How to Successfully Implement Guided Pathways Programs on Campus - Higher Education


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How to Successfully Implement Guided Pathways Programs on Campus

by Michael A. Baston

For Guided Pathways to be successful, some argue, it must be a “faculty driven initiative”. The role of Student Affairs in the institutional redesign toward a Guided Pathways model however, cannot be understated. The most effective Student Affairs divisions perpetually design, realign and recalibrate services to meet changing student needs throughout the entire academic experience, from recruitment to completion.

In Understanding the Student Experience through the Loss/Momentum Framework: Clearing the Path to Completion, authors Rassen, Chaplot, Jenkins and Johnstone (2013) define the concept of the student experience as a series of interactions between learners and the college. For purposes of mapping a path to completion, the four key phases in the student’s journey – connection, entry, progress and completion – represent the loss/momentum framework.

Within the framework, students will either gain or lose momentum toward completion, in part based on the interactions they have with the institution, at any of the four identified critical phases. Policies, practices, programs and processes, both within and external to the control of the institution, affect the phases. Throughout these phases, Student Affairs professionals, in a multitude of ways, contribute to preventing student loss through attrition and creating the momentum for students to persist and complete. Three activities colleges should undertake in support of Guided Pathways following the expertise of Student Affairs professionals are: (1) implementing proactive advising models, (2) helping students fund their college experience and (3) connecting the pathway to transfer or a job.

Dr. Michael A. Baston

Proactive Advising

Many colleges implement traditional, ala carte advising models where students can come to a person or department-sponsored event primarily to select courses for subsequent semesters. This model presumes students are good at navigating complex bureaucratic systems, know what they do not know, and are sophisticated in engaging in help-seeking behaviors. Alternatively, a proactive advising model considers the student experience at critical junctures, establishes milestone expectations at those junctures for students and the advising system and provides the student the guidance and support to complete each milestone. Whether students, faculty or professional advisors direct advisement, actions that are proactive instead of reactive and are strategically integrated as part of a systematic approach can produce positive outcomes for students.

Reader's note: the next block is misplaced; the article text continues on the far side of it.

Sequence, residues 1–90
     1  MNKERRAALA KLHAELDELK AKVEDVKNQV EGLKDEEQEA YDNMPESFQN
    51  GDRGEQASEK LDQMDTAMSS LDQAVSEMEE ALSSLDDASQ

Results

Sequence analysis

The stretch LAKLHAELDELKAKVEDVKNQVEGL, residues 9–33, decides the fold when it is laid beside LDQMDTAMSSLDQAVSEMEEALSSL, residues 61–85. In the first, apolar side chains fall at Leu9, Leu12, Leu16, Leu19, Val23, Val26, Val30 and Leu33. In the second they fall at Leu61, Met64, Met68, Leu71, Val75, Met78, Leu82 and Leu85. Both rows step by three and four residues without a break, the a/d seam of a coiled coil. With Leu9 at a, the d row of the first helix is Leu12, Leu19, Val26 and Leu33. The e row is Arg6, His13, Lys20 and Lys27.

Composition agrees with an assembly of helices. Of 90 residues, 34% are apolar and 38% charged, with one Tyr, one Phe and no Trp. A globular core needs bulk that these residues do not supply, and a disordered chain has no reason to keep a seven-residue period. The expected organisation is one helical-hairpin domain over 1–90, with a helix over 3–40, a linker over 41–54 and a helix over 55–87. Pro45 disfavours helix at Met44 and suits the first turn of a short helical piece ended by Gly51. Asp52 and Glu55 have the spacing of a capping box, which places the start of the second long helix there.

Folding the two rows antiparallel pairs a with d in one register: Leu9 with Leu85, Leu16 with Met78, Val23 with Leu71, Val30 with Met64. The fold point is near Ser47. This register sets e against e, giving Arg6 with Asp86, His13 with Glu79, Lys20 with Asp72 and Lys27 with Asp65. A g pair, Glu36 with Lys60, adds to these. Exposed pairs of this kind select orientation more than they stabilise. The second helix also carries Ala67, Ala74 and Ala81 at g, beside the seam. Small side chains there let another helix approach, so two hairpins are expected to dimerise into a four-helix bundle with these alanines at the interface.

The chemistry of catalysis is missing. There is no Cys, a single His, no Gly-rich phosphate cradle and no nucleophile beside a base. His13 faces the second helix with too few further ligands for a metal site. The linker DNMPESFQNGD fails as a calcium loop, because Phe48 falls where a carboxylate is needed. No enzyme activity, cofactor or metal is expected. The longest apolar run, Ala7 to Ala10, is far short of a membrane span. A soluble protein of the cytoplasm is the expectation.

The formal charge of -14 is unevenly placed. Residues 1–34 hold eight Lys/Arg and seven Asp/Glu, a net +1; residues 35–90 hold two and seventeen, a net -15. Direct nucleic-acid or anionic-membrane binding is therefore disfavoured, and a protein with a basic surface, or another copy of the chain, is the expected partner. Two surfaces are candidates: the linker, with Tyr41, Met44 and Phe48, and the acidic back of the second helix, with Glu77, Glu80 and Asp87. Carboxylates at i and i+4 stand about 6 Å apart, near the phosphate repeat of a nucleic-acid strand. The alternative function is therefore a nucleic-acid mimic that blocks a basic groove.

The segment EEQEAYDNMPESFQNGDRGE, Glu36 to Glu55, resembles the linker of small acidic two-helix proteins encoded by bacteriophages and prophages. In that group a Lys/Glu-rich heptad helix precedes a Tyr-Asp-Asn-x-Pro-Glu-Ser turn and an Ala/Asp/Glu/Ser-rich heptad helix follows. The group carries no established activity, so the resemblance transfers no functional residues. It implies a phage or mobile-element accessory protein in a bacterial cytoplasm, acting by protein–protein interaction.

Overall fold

Student Financial Planning

If we know nothing else about today’s community college students from current research–particularly those who are first-generation and are from a low socioeconomic background–we know it is likely that during their educational journey “life” will happen to them.  An unexpected, unplanned occurrence, usually financial in nature, will significantly influence the student’s ability to remain continuously enrolled. Helping students create a financial plan is as important as creating an educational plan. Additionally, advisors who inform students of the full array of financial and related support services should life happen, and create intentional check-ins to monitor students’ progress in the non-academic aspects of their lives will help to reduce the number of students who have to withdraw because of non-academic related matters.

Connecting the Pathway to Transfer or Careers

Students and their families understand the value of linking educational choices with post-secondary prospects in ways not fully considered in the past. Introducing transfer and career opportunities for students as they begin college, via the onboarding process, will add major value for the student experience and help clarify the path for the student. Moreover, strategically inserting conversations and supports about transfer and/or career throughout critical junctures in students’ post-secondary experiences will likely produce greater levels of college completion and positive post-college outcomes. Student affairs professionals in both the Transfer Services and Career Services areas are uniquely positioned to inform this essential redesign work.

Conclusion

Students want partners who can help them gain clarity and figure out their path and direction. Engaging students in a pathway that facilitates their personal and professional growth involves the commitment and resources, not only of the faculty, but also of the entire institution. Colleges that leverage the expertise of Student Affairs professionals in implementing proactive advising models, helping students fund their college experience and connecting the pathway to transfer or a job will create environments where students thrive, complete, and compete.

Dr. Michael A. Baston is the seventh president of Rockland Community College in Suffern, New York and is an AACC Pathways Project National Coach and a member of the Inaugural Class of the Aspen Institute Presidential Fellowship for Community College Excellence.

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